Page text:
My child can focus on movies, video games, or Legos for hours on end—but they can’t focus on schoolwork for more than five minutes!”

Could that be you talking about your child?

There are many reasons why a child’s attention might wander—from kids just being kids all the way to attention and focus disorders (also called executive functioning disorders).

It’s also possible for a child to appear unfocused because they have a learning struggle that isn’t related to attention. As an example, a child with a writing dysfunction has to devote extra energy to schoolwork—meaning they’ll lose interest in their lessons as their energy runs down. But for a child with an attention disorder, the simple task of focusing requires extra energy!

Two disorders that fall into this category are attention deficit disorder (ADD) and attention deficit hyperactivity disorder (ADHD), a type of ADD.

  • ADD refers to a child who is not acting out or moving around, and can even look attentive during a task, but is generally absorbed in their own thoughts and daydreams—to the point that they get little done in the amount of time allotted.
  • ADHD generally includes hyperactivity. This child has a motor that is always running and that they seem incapable of controlling. They do everything in a hurry, and some part of their body is always moving, keeping them distracted.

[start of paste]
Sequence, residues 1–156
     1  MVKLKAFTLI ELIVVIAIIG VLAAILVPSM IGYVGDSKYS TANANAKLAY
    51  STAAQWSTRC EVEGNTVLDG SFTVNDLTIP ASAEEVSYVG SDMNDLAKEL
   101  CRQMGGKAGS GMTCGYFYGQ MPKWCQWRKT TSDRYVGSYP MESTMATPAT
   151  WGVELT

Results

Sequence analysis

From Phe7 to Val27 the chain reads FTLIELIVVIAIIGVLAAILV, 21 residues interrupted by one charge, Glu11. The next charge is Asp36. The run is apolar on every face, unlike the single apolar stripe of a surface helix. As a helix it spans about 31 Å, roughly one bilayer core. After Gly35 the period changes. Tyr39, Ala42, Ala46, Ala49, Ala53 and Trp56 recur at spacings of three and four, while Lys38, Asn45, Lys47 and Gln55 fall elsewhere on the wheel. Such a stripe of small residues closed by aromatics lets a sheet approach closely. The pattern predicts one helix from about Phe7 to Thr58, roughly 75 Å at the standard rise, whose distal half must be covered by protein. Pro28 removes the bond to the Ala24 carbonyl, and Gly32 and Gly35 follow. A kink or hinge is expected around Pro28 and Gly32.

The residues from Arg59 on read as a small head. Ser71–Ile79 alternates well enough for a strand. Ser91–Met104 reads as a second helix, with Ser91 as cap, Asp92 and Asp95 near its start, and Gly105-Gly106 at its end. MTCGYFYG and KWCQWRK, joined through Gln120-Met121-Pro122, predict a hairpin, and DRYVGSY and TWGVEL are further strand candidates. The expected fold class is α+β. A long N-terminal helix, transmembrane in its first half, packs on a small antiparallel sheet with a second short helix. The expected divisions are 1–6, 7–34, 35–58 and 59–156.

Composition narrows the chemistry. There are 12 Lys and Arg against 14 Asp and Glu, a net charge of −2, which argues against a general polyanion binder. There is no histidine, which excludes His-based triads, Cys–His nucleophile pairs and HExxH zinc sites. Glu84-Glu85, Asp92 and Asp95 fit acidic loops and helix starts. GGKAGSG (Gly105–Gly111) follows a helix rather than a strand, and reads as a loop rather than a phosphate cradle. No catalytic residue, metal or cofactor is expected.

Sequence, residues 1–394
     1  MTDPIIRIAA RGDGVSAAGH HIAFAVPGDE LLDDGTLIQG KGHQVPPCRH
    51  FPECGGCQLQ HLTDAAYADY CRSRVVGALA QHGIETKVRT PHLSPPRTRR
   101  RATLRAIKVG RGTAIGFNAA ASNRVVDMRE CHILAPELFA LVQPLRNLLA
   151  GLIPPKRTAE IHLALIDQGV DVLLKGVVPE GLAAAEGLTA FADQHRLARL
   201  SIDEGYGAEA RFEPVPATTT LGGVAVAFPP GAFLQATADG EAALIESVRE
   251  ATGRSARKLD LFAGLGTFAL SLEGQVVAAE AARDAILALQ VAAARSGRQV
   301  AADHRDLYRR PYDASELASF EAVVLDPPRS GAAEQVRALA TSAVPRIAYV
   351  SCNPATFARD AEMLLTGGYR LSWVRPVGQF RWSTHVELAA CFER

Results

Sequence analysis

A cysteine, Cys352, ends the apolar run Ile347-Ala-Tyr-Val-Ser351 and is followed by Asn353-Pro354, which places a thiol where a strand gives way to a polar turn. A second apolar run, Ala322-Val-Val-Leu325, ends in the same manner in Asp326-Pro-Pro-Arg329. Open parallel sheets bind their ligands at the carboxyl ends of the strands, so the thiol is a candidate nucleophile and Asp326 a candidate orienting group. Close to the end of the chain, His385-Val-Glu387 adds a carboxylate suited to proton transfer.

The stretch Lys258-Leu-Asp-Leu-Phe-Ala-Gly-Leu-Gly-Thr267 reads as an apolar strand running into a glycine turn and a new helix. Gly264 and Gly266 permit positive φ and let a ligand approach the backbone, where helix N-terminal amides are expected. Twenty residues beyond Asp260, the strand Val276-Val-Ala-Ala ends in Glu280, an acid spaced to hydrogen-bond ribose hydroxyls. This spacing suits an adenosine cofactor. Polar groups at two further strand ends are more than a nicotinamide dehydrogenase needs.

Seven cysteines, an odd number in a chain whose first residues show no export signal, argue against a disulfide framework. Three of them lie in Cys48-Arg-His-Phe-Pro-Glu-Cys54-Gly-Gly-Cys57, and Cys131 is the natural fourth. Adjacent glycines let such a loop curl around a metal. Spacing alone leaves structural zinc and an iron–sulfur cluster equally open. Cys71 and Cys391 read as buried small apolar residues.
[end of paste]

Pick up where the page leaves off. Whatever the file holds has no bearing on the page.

The hyperactive (not just hyper-fidgety) child is usually easy to spot in a group. The inattentive child, on the other hand, is not easy to spot. This child may just appear to be slow in finishing work or in following directions, and they may seem lazy or uncooperative.

If your child exhibits a bunch of symptoms in the checklist below, it may point toward an attention or focus struggle. In that case, getting your child evaluated by a professional could provide incredibly helpful insights into your child’s learning challenges along with tools and skills that can help them succeed in future testing experiences, career training, college, and employment. Scroll all the way to the bottom of the post for resources that can make managing attention easier for your child!